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Governing the unemployed self in an active society

Governing the unemployed self in an active society This paper falls into two parts. The first contributes to the development of concepts necessary to understand questions of ‘self-formation’, particularly in relation to domains of government. The second seeksto work these concepts within a casestudy of what it calls ‘governmental-ethical practices’. The case-study consists of an examination of the recent reform of social security and income support practices concerning the unemployed in Australia and the utilization of the language, rationality and techniques that have been elaborated under the rubric of the ‘active society’ by the Organization for Economic Cooperation and Development. It offers an analysis of these governmental-ethical practices of the unemployed in terms of what they seek to govern, the means by which they propose to do so, their forms of subjectification, and the mode of existence they envision. It suggests that the analysis of these practices challenges and forces us to refine our approach to the formulae of neoliberal or advanced liberal government. http://www.deepdyve.com/assets/images/DeepDyve-Logo-lg.png Economy and Society Taylor & Francis

Governing the unemployed self in an active society

Economy and Society , Volume 24 (4): 25 – Nov 1, 1995

Governing the unemployed self in an active society

Economy and Society , Volume 24 (4): 25 – Nov 1, 1995

Abstract

This paper falls into two parts. The first contributes to the development of concepts necessary to understand questions of ‘self-formation’, particularly in relation to domains of government. The second seeksto work these concepts within a casestudy of what it calls ‘governmental-ethical practices’. The case-study consists of an examination of the recent reform of social security and income support practices concerning the unemployed in Australia and the utilization of the language, rationality and techniques that have been elaborated under the rubric of the ‘active society’ by the Organization for Economic Cooperation and Development. It offers an analysis of these governmental-ethical practices of the unemployed in terms of what they seek to govern, the means by which they propose to do so, their forms of subjectification, and the mode of existence they envision. It suggests that the analysis of these practices challenges and forces us to refine our approach to the formulae of neoliberal or advanced liberal government.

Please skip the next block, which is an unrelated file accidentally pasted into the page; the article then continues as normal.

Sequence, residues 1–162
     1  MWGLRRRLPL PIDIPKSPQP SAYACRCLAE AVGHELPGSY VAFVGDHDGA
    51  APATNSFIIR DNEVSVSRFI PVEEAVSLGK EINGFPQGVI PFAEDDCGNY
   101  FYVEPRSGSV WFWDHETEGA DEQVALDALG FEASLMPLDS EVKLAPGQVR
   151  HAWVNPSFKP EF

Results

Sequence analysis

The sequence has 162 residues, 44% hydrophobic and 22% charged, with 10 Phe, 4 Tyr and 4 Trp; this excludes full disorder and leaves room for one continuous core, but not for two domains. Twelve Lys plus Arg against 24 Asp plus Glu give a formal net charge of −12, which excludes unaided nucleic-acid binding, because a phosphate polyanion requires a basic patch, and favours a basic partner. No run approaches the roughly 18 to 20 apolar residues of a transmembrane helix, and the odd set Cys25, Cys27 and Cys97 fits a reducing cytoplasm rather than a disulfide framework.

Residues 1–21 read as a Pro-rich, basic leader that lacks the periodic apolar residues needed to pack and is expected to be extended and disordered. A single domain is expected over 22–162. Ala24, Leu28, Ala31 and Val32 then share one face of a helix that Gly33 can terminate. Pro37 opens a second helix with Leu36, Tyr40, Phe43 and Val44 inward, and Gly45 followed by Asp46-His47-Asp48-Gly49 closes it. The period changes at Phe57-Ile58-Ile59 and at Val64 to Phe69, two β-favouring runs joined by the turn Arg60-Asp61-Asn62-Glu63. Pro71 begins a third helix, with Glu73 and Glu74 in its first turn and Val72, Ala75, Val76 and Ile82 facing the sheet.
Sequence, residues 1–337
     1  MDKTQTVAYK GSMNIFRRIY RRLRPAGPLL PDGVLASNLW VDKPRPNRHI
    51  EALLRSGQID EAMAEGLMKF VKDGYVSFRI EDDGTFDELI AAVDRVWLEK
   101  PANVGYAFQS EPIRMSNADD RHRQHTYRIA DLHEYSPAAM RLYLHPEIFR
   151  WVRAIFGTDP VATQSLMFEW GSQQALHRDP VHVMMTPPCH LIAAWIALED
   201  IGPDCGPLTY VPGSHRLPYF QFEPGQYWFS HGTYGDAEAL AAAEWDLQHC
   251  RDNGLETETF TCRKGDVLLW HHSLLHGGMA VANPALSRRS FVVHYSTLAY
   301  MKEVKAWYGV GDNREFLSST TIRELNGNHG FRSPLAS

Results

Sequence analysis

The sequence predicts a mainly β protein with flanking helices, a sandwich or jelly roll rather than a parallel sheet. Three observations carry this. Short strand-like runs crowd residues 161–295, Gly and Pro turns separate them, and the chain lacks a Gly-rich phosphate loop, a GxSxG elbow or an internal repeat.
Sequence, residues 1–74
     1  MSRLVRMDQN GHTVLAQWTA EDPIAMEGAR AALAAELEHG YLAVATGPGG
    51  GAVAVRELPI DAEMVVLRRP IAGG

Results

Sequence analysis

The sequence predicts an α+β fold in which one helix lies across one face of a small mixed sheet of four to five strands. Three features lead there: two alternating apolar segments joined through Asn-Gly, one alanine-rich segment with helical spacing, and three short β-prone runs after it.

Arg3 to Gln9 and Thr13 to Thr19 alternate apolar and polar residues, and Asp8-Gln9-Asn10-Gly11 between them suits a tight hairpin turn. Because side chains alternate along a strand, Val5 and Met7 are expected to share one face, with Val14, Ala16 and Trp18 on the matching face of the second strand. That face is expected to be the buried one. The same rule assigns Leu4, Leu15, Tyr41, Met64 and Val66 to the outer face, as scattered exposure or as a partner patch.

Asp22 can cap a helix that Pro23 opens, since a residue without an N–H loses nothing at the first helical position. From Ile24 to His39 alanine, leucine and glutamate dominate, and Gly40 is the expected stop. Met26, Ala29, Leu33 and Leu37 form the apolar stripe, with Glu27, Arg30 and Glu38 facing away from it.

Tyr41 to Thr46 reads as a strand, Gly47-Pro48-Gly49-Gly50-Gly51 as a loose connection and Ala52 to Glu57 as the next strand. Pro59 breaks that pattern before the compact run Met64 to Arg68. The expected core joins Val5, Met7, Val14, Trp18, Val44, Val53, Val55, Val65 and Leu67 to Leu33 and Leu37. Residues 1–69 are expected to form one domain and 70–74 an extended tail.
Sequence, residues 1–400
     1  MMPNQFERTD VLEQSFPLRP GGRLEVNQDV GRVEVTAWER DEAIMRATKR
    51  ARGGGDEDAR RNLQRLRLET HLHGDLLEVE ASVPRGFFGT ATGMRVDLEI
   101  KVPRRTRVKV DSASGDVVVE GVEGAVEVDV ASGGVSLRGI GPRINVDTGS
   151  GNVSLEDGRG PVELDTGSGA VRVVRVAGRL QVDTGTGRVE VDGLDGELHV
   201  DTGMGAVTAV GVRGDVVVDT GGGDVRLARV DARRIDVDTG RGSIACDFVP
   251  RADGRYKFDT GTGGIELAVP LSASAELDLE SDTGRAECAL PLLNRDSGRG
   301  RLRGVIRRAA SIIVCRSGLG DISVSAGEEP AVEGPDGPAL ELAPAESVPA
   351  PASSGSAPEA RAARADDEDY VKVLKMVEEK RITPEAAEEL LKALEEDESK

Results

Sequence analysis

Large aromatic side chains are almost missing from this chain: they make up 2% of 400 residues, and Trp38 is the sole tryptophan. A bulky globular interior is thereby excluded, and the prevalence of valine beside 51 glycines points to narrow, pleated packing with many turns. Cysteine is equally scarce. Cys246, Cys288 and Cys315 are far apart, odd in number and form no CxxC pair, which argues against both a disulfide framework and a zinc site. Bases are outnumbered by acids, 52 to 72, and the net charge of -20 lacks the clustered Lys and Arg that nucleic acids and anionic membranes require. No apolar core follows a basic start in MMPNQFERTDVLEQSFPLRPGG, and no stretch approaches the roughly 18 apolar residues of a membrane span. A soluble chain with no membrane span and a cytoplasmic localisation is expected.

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References (23)

Publisher
Taylor & Francis
Copyright
Copyright Taylor & Francis Group, LLC
ISSN
1469-5766
eISSN
0308-5147
DOI
10.1080/03085149500000025
Publisher site
See Article on Publisher Site

Abstract

This paper falls into two parts. The first contributes to the development of concepts necessary to understand questions of ‘self-formation’, particularly in relation to domains of government. The second seeksto work these concepts within a casestudy of what it calls ‘governmental-ethical practices’. The case-study consists of an examination of the recent reform of social security and income support practices concerning the unemployed in Australia and the utilization of the language, rationality and techniques that have been elaborated under the rubric of the ‘active society’ by the Organization for Economic Cooperation and Development. It offers an analysis of these governmental-ethical practices of the unemployed in terms of what they seek to govern, the means by which they propose to do so, their forms of subjectification, and the mode of existence they envision. It suggests that the analysis of these practices challenges and forces us to refine our approach to the formulae of neoliberal or advanced liberal government.

Journal

Economy and SocietyTaylor & Francis

Published: Nov 1, 1995

Keywords: Unemployment; job-seeker; active society; governmentality; risk; dependency

There are no references for this article.